Quote of the Day: The War Party Is Working Hard to Make Iran Look Like a Victim


Jeffrey Goldberg:

It would be quite an achievement to allow Iran, the world’s foremost state sponsor of terrorism, to play the role of injured party in this drama. But the Senate is poised to do just that.

Goldberg is talking about the possibility that the Senate will pass a sanctions bill against Iran just as the Iranians have finally agreed to come to the table and negotiate an agreement to dismantle their nuclear program. As Goldberg says, this makes sense only if you’re hellbent on a military strike against Iran and flatly eager to sabotage anything that might lead to a peaceful settlement. It’s hard to believe that this is the position of the entire Republican Party as well as a pretty good chunk of the Democratic Party, but apparently it is. It’s especially hard to believe given the realities of what it would accomplish:

While it could set back (though not destroy) Iran’s nuclear program, it could also lead to the complete collapse of whatever sanctions remained in place. In addition, it could unify the Iranian people behind their country’s unelected leader, Ayatollah Ali Khamenei — a particularly perverse outcome. And in some ways, an attack would justify Iran’s paranoia and pursuit of nuclear weapons: After all, the regime could somewhat plausibly argue, post-attack, that it needs to defend itself against further aggression. A military campaign should be considered only when everything else has failed, and Iran is at the very cusp of gaining a deliverable nuclear weapon.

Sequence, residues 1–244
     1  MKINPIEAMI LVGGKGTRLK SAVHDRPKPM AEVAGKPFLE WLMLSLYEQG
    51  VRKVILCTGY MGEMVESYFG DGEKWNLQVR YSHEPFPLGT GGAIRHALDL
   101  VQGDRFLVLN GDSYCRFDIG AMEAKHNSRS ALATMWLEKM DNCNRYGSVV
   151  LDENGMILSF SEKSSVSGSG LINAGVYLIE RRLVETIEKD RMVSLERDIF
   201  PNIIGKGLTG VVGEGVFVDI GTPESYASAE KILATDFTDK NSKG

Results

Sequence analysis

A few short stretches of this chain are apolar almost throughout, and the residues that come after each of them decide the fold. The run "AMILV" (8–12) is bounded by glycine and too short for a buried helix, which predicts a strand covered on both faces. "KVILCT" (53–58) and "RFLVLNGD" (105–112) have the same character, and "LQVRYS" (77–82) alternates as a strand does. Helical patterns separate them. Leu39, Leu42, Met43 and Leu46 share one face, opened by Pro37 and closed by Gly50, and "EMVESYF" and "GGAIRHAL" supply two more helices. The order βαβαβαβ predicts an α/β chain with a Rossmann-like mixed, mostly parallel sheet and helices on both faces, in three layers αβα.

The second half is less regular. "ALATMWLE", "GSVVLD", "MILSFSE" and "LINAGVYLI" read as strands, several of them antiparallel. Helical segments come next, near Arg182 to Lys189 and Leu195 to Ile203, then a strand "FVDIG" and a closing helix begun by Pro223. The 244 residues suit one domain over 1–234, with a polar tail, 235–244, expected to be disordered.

….So why support negotiations? First: They just might work. I haven’t met many experts who put the chance of success at zero. Second: If the U.S. decides one day that it must destroy Iran’s nuclear facilities, it must do so with broad international support. The only way to build that support is to absolutely exhaust all other options. Which means pursuing, in a time-limited, sober-minded, but earnest and assiduous way, a peaceful settlement.

This is exactly right. As it happens, I doubt that we’ll be able to reach a final deal with the Iranians. In the end, I think Iran’s hawks have too much influence and just won’t be willing to give up their nuclear ambitions. What we’ll do then is anyone’s guess. But as Goldberg says, even if you’re a hawk who favors a military strike, surely you’re also in favor of demonstrating to the world that we did everything humanly possible to avoid it. What possible reason could you have for feeling differently?

DOES IT FEEL LIKE POLITICS IS AT A BREAKING POINT?

Headshot of Editor in Chief of Mother Jones, Clara Jeffery

It sure feels that way to me, and here at Mother Jones, we’ve been thinking a lot about what journalism needs to do differently, and how we can have the biggest impact.

We kept coming back to one word: corruption. Democracy and the rule of law being undermined by those with wealth and power for their own gain. So we're launching an ambitious Mother Jones Corruption Project to do deep, time-intensive reporting on systemic corruption, and asking the MoJo community to help crowdfund it.

We aim to hire, build a team, and give them the time and space needed to understand how we got here and how we might get out. We want to dig into the forces and decisions that have allowed massive conflicts of interest, influence peddling, and win-at-all-costs politics to flourish.

It's unlike anything we've done, and we have seed funding to get started, but we're looking to raise $500,000 from readers by July when we'll be making key budgeting decisions—and the more resources we have by then, the deeper we can dig. If our plan sounds good to you, please help kickstart it with a tax-deductible donation today.

Thanks for reading—whether or not you can pitch in today, or ever, I'm glad you're with us.

Signed by Clara Jeffery

Clara Jeffery, Editor-in-Chief

payment methods

We Recommend

Latest